(dailyRx News) If you’ve caught your son or daughter with their hand in the medicine cabinet, you may want to keep a cautious eye on their behavior for signs of further substance abuse.
Drexel University published a study yesterday indicating that those misusing prescribed medicines, such as opioid painkillers, tend to also experiment with illegal drugs.
“Results on ages of initiation suggest that prescription drugs may serve as pathways to illicit drugs in some cases,” writes lead author Stephen Lankenaeu, Ph.D., and colleagues.
“Findings on drug substitution, drug combinations, and polydrug use indicate that prescription drugs in both New York City and Los Angeles were frequently consumed as part of a repertoire of misuse involving prescription drugs and illicit drugs.”
According to Dr. Lankenau, over the past ten years prescription drugs have risen to the top of substance abuse charts amongst young adults between ages sixteen and twenty-five.
While marijuana remains the most commonly abused substance, prescription painkillers fall closely behind, “followed by cocaine, prescription tranquilizers, ecstasy, and prescription stimulants.”
Researchers chose to study New York and L.A., our nation’s most populous cities, with the understanding that large metro areas contain the highest prevalence of prescription abuse. Their investigation aimed to identify abuse patterns coinciding with the use of prescribed drugs and what differences might exist from west to east coast.
The analysis included interviews from 596 young adults admitting to the misuse of prescriptions, which began in October 2009 and ended in March of 2011.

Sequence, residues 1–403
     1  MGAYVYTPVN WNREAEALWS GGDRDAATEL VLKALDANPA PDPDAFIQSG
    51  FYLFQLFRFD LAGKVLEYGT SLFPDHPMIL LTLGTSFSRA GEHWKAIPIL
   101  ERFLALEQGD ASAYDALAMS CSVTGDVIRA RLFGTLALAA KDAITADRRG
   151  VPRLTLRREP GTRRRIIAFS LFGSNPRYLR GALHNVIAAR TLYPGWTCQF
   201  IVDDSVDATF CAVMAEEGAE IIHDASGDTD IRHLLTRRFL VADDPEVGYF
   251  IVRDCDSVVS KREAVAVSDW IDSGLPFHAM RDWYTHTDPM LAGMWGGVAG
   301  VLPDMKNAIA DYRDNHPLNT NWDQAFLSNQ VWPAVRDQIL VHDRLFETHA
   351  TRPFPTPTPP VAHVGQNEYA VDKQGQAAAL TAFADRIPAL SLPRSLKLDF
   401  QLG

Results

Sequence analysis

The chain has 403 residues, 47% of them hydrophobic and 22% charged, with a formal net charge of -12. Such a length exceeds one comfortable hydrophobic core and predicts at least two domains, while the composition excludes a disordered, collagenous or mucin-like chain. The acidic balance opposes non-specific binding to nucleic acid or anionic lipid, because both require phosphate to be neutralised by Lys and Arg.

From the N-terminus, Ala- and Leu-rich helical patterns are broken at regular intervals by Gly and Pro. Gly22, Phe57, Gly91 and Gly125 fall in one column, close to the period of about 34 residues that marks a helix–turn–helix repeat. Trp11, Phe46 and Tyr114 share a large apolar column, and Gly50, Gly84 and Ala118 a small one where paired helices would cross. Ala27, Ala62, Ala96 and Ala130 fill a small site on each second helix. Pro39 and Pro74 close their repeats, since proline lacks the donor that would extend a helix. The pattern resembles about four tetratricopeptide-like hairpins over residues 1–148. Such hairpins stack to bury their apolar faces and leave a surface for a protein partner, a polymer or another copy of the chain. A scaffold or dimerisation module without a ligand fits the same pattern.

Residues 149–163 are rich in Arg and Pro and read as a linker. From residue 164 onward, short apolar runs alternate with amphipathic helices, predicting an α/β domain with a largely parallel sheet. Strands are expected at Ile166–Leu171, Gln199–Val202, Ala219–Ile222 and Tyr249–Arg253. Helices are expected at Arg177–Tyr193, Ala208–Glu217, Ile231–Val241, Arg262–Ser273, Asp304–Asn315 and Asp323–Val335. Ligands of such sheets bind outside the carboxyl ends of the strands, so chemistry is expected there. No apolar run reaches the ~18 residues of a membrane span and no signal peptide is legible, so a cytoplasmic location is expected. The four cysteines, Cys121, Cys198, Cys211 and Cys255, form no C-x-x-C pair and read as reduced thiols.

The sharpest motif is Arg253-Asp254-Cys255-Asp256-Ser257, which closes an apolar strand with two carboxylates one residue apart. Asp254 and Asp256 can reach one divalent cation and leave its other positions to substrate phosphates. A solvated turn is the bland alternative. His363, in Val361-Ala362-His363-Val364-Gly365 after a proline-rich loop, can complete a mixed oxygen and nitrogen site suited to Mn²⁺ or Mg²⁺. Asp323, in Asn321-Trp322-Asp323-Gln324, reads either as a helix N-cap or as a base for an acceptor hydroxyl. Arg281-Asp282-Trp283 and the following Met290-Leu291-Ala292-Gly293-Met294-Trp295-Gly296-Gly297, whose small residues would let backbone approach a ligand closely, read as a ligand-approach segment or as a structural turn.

The sample included individuals from one of three categories, including injection drug users (IDUs; 202), homeless persons (192), and polydrug users (two or more simultaneously; 202), during the past ninety days. Many IDUs were also homeless, increasing the count from 192 all the way up to 355 when combined.
Interviews were scheduled with all patients, over-viewing drug history and use within ninety days where they were asked questions like “Were you ever prescribed the following [pain pills, tranquilizers, stimulants] by a doctor for any past injury or health condition?” and “Have you ever used [illicit drug list]?”
The study uncovered, “In both sites, lifetime history of receiving a prescription for an opioid, tranquilizer, or stimulant was high and commonly preceded misuse. Moreover, initiation of opiods occurred before heroin and initiation of prescription stimulants happened prior to illicit stimulants.”
The study further uncovered separate substance abuse patterns on the opposite sides of our country. While New Yorkers frequently used oxycodone, heroin, and cocaine, those in Hollywood preferred codeine, marijuana, and meth.
This study is published for free online through the Journal of Public Health Research, funded through the National Institute of Drug Abuse (NIDA). No conflicts of interest were reported.